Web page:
And yet, there was always a thin wall between us; we were two very different people, and there was something unnamable that prevented her from completely understanding who I was. I suspect she saw that wall, too. And as we’ve both grown older, that wall has thickened like plaque in our arteries. Now that Loss is about to come calling, memories of our friendship and regrets about the wall are competing for my attention.

In “Escape from Spiderhead,” (Tenth of December, George Saunders) a dying character says that his only regret “was Mom. I hoped someday, in some better place, I’d get a chance to explain it to her, and maybe she’d be proud of me, one last time, after all these years.” Wow, I can relate. The arrival of hospice means the loss of my relationship with Mom is near, and my chances for getting her to understand me better¾to be proud of me¾are dissipating.

And yet, in these final days, I know what I have to do: worry less about the wall, concentrate more on the friendship, because that will be the key, I think, to making sure the story of Mom’s life will continue to matter.

G. Elizabeth Kretchmer is the author of The Damnable Legacy of A Minister’s Wife, and her short work can be found in The New York Times and other publications. When she’s not writing or visiting her mom, she teaches therapeutic and wellness writing.

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nursing home staff: no accountability

mother in nursing homeI have taken the time to label each of the of my mother’s drawers – socks, nightgowns, bras, etc.  Every stitch of her clothing has a name label applied to it, like camp.  Why is it that my efforts mean nothing to the staff?  The nursing home where Mom lives continuously has no answers and seemingly does not care about her personal belongings and their whereabouts.  How does it happen that my Mom’s clothing is sent to the in-house laundry one day and some of it just doesn’t reappear at all?  Also, something with someone else’s name showed up in her lingerie drawer.  Why or why is there no accountability?  I manage my own business, am married, and have adult children & grandchildren.  I cannot be the one to micromanage my mother’s laundry service, on top of everything else.  Who can help me solve this problem before I explode????? P.S. The head of nursing in Mom’s wing, who I have spoken with (as directed by the management), has done nothing to improve the situation.  I feel ridiculous writing this, but it actually does matter to my mother to have two socks vs. one and a nightgown that actually is hers! If you have a comment leave it in the reply box below. Also, if you would like to share your own story, do so here.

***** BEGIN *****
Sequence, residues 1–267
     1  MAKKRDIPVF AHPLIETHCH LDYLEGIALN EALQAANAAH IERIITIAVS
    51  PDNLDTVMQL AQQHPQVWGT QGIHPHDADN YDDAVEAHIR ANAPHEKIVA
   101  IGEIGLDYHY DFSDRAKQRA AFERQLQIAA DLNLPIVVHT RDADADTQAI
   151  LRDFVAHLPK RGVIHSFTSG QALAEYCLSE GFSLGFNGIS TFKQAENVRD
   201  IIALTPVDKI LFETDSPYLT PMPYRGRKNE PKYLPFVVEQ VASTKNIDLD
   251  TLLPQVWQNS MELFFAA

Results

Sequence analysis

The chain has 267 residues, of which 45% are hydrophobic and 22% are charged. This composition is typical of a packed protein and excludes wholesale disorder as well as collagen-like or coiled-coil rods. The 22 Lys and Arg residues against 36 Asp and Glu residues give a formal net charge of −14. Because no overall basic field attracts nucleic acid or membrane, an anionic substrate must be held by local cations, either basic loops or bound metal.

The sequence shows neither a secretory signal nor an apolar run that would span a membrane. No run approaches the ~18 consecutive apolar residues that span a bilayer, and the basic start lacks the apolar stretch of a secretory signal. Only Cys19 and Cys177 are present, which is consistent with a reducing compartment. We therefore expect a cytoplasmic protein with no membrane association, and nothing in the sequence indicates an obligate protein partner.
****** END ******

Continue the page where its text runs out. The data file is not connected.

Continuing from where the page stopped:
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why talk to seniors with respect?

IMG_0604Do seniors annoy you? Are you angry & irritated with them? We can say that it is easy to have a “short fuse” when dealing with our aging loved ones for any number of reasons.

I think that to understand the importance of this discussion you need to take a good look at yourself. Sometime we loose our patience, hearing our elder repeat the same thing over & over. There may be many things that irritate us but this a good reminder that how we say something is as important as what we say!

An article from Seniors for Living, written by Michelle Seitzer, Oct. 2013 called “How to Talk to Seniors (and why it matters)” had an important view to share. “Besides being hurtful on an emotional level, a 2002 Yale University study on “elderspeak” (the official term for this disrespectful language/perception) revealed this startling result: it hurts life expectancy too. “Being the target of it can shorten an old person’s life by up to 7.5 years,” according to a Yale psychology professor, Becca Levy”.

Read the article in full and leave a comment. If you have a story to tell click here.

 

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4 generations of caregivers

irelandI come from four generations of caregivers & am one myself. It all started back in a farmhouse in Ireland in the mid 1930′s. On a beautiful hillside outside of Dublin, Ireland there is a farm with the simple address of “Feahoe”. There is no number & no street name, just Feahoe. This farm over looks a lake and the land where the cattle graze. My great grandmother “Granma Hoey” was a caregiver to her daughter. I am glad to have caregiving in common with this wonderful, brave and strong woman. She was brought to Feahoe when she married. Her life must have been difficult when she was left widowed with six young children. Granma Hoey raised her children and eight grandchildren while managing the family farm. In the mid 1930′s my father recalls being given a little teapot by his grandmother to take upstairs to his Aunt Maggie. He thinks she must have developed some kind of paralysis, as she could not even hold the teapot. At this time, I am the relief caregiver to my mother, who had a stroke in 2006. My father, her regular caregiver, has gone to Ireland for a five-week break. He will be staying with his family at Feahoe. I am also care giving for Mr. Handsome, an 81-year-old southern gentleman with dementia in an assisted living facility For several years I arranged and hired caregivers for my mom long distance and know how challenging that can be. I also held a director position at an assisted living facility. After raising six children, I feel called to care for those who are not able to care for themselves. I am also compelled to share my varied experiences from care giving in the home, long distance, and from managing a facility. I can only hope that sharing my perspective may help others in the difficult but very rewarding experience of care giving. Visit www.caregiversassist.com for more information about caregiving and get the 10 Ways to make caregiving easier or leave a comment below. If you would like to share your story about caregiving, do so here.